Tribes. Coastal South Carolina Fish and Game: History, Culture and Conservation


Native Americans are prominent in a new book titled “Coastal South Carolina Fish and Game: History, Culture and Conservation.” Here, author James O. Luken presents the full history of hunting, fishing, land and water management, and conservation that shaped and preserved the fish and wildlife of coastal South Carolina. From Native Americans to the early colonists to plantation owners and enslaved residents to market hunters and commercial fishermen, all viewed fish and wildlife as limitless. Through time, however, overharvesting led to population declines and the public demanded conservation. The process yielding fish and game laws, wardens, and wildlife refuges was complex and often involved conflict, but synergy and cooperation prevailed, producing one of the most extensive conservation systems on the East Coast.

An excerpt from the Forward of the book follows:

A straight line tracing the South Carolina coast measures only 187 miles. But these miles are not like the miles farther inland where travel is easy and scenery lackluster. These coastal miles, extending from the North Carolina border and Little River in the north to the Georgia border and Ace Basin in the south, track across rivers, creeks, estuaries, sounds, bays, beaches, marshes, swamps, forests, farmland as well as numerous cities accommodating people with a desire to live at the coast. This coast, or more specifically this Coastal Zone, supports fish, wildlife and ecological communities many of which are permanently protected in refuges, preserves, parks or via private conservation easements.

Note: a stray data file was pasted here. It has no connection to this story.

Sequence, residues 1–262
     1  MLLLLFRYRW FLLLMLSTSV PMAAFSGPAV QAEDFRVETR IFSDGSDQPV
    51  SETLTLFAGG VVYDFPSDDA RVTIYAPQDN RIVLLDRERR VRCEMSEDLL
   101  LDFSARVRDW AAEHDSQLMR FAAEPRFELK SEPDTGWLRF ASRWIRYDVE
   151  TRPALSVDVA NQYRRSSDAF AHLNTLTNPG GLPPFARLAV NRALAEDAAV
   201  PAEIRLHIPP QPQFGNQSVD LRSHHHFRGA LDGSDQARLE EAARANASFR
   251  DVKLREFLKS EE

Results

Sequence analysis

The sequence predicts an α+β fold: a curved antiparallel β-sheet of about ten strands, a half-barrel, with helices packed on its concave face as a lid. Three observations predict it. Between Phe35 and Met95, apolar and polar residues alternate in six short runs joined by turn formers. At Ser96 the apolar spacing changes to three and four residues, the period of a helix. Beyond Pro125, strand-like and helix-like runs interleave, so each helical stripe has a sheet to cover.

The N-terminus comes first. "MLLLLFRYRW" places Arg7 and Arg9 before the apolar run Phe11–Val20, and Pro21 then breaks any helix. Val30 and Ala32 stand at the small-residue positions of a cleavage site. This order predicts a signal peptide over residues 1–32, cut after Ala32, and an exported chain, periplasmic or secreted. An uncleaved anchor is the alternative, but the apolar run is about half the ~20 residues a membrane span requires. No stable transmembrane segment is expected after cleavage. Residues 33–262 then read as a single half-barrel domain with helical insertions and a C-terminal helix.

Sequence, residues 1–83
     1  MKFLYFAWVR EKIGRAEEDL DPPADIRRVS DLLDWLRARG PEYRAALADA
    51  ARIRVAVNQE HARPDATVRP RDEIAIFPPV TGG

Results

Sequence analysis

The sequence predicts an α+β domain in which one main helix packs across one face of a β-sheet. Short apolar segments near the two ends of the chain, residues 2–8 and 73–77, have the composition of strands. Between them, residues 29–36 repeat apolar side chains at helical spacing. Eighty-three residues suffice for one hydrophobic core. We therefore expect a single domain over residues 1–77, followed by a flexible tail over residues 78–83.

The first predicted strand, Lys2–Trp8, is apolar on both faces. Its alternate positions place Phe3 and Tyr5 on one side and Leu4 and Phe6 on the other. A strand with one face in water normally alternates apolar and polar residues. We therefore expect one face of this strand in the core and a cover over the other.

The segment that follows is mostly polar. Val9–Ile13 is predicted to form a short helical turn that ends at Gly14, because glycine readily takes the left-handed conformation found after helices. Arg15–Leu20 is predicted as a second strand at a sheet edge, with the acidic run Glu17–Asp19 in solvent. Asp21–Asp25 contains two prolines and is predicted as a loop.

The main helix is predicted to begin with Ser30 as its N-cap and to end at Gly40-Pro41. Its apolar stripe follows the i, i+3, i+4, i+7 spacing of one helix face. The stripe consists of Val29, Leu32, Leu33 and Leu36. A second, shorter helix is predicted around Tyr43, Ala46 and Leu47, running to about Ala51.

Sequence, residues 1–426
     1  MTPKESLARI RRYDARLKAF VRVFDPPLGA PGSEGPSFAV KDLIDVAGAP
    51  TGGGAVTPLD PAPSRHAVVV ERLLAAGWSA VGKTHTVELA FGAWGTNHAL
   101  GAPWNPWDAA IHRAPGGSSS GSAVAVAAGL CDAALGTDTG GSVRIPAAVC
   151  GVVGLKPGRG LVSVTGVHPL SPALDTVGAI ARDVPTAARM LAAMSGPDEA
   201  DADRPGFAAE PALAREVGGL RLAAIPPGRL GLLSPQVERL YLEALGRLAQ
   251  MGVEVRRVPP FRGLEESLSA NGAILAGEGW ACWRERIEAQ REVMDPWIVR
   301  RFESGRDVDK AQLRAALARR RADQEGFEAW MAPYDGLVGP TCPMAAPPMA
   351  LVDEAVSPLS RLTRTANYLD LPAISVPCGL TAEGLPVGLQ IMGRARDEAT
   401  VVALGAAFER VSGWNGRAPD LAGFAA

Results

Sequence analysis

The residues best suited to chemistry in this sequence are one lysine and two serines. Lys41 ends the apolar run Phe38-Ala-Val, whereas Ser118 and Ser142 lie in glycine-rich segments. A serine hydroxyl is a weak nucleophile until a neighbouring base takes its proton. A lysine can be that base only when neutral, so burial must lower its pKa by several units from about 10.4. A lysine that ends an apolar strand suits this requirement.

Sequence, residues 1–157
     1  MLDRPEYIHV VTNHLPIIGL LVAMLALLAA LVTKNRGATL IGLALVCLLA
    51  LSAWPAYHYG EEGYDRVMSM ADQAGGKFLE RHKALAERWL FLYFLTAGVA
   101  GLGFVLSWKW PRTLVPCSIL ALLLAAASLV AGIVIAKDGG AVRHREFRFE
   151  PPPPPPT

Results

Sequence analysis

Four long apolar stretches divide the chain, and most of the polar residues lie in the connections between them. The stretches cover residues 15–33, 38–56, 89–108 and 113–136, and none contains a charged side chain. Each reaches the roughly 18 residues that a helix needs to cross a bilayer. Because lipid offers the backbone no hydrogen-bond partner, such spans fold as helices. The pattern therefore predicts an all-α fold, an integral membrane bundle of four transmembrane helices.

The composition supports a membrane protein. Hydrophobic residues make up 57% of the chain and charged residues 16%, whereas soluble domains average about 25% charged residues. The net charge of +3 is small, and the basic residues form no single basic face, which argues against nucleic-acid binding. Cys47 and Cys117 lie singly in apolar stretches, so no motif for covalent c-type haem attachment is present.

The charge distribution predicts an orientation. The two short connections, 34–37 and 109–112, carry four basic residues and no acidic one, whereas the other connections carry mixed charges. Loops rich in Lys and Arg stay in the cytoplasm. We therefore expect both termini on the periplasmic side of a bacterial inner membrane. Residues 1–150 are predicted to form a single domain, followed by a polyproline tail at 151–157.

While some argue that natural or maybe even supernatural forces are responsible for the great natural capital of the South Carolina coast, in truth, it was, and is, the people living here that forged the landscape. Early on, people treated the ecosystem that would become South Carolina as a seemingly unlimited source of fish, wildlife and land. But harvest for local consumption shifted to harvest for trade and export. Natural communities were destroyed to accommodate agriculture and settlements. Over-exploitation and extinction were common drivers of new exploitation and new trade. Eventually people, or more importantly government working for people, had a strong influence in terms of environmental regulations, fish and game laws, land management and development of wildlife refuges. Throughout prehistory and history, fishing, hunting and harvest in coastal South Carolina remained a central aspect of the various cultures living on the land and tideland.
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